Another clue is what the numbers look like at the state level. The number of COVID-19 hospitalizations, for the last seven days, per 100,000 state residents ranges from a low of one in Vermont to 33 in another state, with a median of about 6, in one state.

For a look at the five states with the worst COVID-19 hospitalization rates, see the slideshow above.

For data for all 50 states and the District of Columbia, see the table below.

A U.S. COVID-19 Pandemic Snapshot (for the week ending July 24)

State Population People who are fully vaccinated as % of total population Cases per 100,000 people, last 7 days Cases, % change from previous week Confirmed COVID-19 admissions, last 7 days Confirmed COVID-19 admissions per 100,000 people, last 7 days Confirmed COVID-19 admissions, % change from previous week Working age admissions as a percentage of all admissions Deaths per 100,000 people, last 7 days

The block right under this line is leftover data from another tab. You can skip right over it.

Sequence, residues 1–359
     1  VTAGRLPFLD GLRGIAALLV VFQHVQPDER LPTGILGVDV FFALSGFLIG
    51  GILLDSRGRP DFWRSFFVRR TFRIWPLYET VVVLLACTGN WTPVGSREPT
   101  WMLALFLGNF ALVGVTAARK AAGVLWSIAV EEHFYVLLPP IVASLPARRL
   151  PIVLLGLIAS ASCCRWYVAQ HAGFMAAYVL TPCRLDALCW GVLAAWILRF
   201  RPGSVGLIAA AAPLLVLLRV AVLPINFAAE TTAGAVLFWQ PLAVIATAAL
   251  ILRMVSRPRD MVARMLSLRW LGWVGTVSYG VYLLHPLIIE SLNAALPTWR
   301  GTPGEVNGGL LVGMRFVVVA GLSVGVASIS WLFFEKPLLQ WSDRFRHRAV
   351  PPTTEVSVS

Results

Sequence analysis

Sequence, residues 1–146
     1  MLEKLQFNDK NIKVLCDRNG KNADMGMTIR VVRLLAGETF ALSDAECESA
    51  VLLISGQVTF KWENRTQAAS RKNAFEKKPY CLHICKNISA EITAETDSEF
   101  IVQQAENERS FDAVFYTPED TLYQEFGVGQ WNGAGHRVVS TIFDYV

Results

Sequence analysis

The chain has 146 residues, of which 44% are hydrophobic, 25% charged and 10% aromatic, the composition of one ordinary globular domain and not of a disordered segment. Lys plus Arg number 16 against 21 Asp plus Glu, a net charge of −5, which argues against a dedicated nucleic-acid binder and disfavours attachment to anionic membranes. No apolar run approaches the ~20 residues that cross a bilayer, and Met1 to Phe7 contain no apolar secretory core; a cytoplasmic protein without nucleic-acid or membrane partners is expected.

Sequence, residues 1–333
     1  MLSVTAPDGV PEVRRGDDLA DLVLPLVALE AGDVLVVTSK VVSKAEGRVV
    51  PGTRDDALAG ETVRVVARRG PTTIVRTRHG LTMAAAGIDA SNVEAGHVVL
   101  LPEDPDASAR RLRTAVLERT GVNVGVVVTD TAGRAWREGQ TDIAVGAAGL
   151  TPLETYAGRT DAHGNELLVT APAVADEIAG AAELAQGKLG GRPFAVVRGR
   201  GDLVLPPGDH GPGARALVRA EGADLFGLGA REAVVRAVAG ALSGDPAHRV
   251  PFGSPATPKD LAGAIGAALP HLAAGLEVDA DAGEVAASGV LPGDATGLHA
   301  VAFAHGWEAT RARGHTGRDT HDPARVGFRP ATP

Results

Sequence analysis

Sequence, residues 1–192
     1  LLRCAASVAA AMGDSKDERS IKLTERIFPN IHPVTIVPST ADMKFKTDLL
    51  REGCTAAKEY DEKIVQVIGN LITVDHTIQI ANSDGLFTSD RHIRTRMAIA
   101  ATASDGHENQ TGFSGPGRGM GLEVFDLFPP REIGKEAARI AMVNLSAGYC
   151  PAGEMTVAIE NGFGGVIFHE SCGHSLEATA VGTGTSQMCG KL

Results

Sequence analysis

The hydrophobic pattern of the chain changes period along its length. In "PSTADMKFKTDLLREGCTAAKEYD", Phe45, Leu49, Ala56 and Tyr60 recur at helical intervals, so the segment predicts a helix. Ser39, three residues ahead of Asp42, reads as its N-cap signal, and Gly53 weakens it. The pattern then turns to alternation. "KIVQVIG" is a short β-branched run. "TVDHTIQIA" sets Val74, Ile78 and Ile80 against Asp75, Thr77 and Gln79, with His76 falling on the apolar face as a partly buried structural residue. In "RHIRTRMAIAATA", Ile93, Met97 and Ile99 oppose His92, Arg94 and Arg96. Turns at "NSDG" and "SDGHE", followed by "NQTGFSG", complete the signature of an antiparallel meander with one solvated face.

Alabama 4,903,185 34% 227 167% 1,080   22 115% 44% 0.8
Alaska 731,545 45% 138 19%   70   10 52% 47% 0.4
Arizona 7,278,717 45% 123 31% 676   9 8% 52% 0.7
Arkansas 3,017,804 36% 367 48% 808   27 15% 51% 1.7
California  39,512,223 52% 46 -31% 2,734   7 43% 62% 0.2
Colorado 5,758,736 54% 42 -14% 339   6 5% 53% 0.5
Connecticut 3,565,287 63% 31 17%   83   2 24% 52% 0.1
Delaware 973,764 52% 42 31%   24   2 33% 58% 0.1
District of Columbia 705,749 54% 32 -7%   21   3 -16% 71% 0
Florida  21,477,737 49% 266 11% 7,072   33 55% 52% 1.2
Georgia  10,617,423 38% 90 26% 1,452   14 64% 48% 0.5
Hawaii 1,415,872 53% 91 85%   42   3 27% 45% 0.4
Idaho 1,787,065 37% 67 13% 103   6 16% 35% 0.6
Illinois  12,671,821 48% 48 16% 616   5 30% 49% 0.3
Indiana 6,732,219 44% 51 0% 423   6 29% 46% 0
Iowa 3,155,070 49% 40 6% 154   5 57% 54% 0.4
Kansas 2,913,314 45% 115 10% 300   10 2% 47% 1.4
Kentucky 4,467,673 45% 82 10% 895   20 5% 22% 0.2
Louisiana 4,648,794 37% 306 51% 1,255   27 81% 53% 1.4